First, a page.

The story begins one lovely spring day, with me deciding to invest in a bigger display to freshen up my aging ViewSonic vx2025wm and LG L1730B dual-monitor setup. I could definitely use the extra screen real estate, I told myself, and a display with richer connectivity options would finally allow me to purchase and use a Nintendo Wii. (Yes, I'm one of those hippies who doesn't own a television.) What better display to purchase than one of Dell's latest and greatest high-end UltraSharp offerings, praised so highly by so many in the enthusiast community?
After some research and a look at several very positive reviews (as well as some less positive but still encouraging user reviews), I bit the bullet and ordered an UltraSharp 2408WFP—the crown jewel of Dell's 24" monitor series and one of the only newer Dell displays without a low-quality TN panel. The monitor was on sale for €641, down from its regular price of €801, and Dell's zero-bright-pixel guarantee made it doubly tantalizing. I was thrilled.
I received the monitor on Wednesday. After barely two days of use, I called Dell and asked for a full refund. The display is sitting in its cardboard box as I write this, and UPS is coming to pick it up on Monday.
What went wrong? Initially, I was pretty pleased with my purchase. No dead pixels, stunning brightness, a very solid and good-looking external design (I'm a fan of the V-shaped metallic stand), and an apparently splendid picture. I say "apparently" because little problems quickly started piling up in that area. First, there was the display's input lag. I had read about it in forum threads and thought people were exaggerating, but it turned out they weren't. Moving the mouse around the monitor felt a little laggy, like I was using a cheap wireless mouse. The same happened when I typed quickly—characters took longer than usual to appear on the screen, which was a little unsettling. Determined not to let that little quirk ruin the experience, I shrugged it off and tried to get used to it.
Then, I began to notice other problems. The image was excessively sharp, which made text look aliased and turned ClearType's normally subtle sub-pixel hinting into colored blotches around some characters. Attempting to set the sharpness in the OSD gave me two options: 50%—the default—and 25%—far too blurry. I also noticed that the left half of the display was somehow brighter and redder than the right half. Displaying a dark grey image, the entire left third of the picture looked completely washed out, and on a white image, the same area looked slightly pink. This wasn't typical backlight bleeding, because it didn't show up at all on a completely black image. That issue became bothersome in everything from web browsing to gaming, but like the excessive sharpness and lag, I thought I'd forget about it eventually. After all, no display is entirely perfect, right?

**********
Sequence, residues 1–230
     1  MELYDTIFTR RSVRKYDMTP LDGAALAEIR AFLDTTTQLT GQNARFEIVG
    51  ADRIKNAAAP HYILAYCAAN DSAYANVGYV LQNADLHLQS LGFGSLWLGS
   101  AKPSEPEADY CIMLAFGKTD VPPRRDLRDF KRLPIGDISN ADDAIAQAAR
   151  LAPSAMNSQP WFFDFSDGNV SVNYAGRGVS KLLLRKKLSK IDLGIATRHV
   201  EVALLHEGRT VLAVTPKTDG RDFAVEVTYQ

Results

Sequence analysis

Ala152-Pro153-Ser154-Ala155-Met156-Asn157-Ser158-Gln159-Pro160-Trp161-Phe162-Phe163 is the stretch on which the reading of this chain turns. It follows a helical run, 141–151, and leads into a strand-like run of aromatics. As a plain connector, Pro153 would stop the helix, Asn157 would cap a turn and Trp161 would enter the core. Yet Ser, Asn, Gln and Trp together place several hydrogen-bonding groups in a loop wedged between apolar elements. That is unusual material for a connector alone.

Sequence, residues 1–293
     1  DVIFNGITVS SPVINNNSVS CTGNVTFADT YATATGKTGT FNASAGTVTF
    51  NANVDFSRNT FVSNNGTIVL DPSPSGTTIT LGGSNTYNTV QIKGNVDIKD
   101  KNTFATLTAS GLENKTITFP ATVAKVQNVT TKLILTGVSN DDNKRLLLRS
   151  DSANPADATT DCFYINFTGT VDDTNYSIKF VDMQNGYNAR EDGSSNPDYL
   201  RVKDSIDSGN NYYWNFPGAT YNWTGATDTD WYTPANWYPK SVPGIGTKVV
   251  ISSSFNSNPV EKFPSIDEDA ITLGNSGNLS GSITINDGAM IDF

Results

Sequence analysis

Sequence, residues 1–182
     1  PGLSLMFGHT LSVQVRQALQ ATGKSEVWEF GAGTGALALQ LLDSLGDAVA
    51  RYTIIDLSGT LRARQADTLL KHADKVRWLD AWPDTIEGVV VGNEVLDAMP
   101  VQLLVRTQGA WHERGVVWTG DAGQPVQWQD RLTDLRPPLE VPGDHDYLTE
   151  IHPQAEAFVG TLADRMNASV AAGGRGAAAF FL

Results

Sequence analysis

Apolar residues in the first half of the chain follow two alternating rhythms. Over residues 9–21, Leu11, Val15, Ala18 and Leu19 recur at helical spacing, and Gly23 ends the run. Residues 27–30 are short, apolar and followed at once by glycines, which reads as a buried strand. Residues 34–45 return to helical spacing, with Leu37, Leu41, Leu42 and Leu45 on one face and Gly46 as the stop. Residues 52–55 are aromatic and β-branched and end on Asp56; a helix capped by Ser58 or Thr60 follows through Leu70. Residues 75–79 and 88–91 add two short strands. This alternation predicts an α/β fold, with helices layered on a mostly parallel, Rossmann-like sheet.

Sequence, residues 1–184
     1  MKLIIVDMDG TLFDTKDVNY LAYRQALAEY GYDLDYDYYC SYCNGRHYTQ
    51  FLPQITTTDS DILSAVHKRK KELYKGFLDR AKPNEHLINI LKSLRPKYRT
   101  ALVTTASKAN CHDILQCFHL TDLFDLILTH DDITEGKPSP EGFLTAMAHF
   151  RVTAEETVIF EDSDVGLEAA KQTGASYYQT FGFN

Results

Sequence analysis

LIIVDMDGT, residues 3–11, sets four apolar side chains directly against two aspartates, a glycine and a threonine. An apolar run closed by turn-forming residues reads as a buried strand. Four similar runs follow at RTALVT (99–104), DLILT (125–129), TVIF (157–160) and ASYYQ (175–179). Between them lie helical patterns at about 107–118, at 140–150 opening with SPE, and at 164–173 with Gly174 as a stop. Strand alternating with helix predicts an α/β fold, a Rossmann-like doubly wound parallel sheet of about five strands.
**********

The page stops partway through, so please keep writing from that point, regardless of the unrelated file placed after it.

Unfortunately, the problems just kept on coming. A few hours later, I became frustrated with the display's color rendering. The default "Desktop" preset just looked awful, with bluish whites and hideously oversaturated colors. Moving to the "sRGB" preset turned the saturation too far down, so browns and blues looked grey-ish. My next step was to customize the red, green, and blue settings myself, and I actually came up with something half-way decent. However, colors were still oversaturated, no matter how much I played with the contrast and color settings. I thought the over-saturation might be a subjective side-effect of using older monitors for so long, but skin tones in photos looked overly flushed, greens in pictures of vegetation looked almost fluorescent, and reds felt like they were searing off my retinas.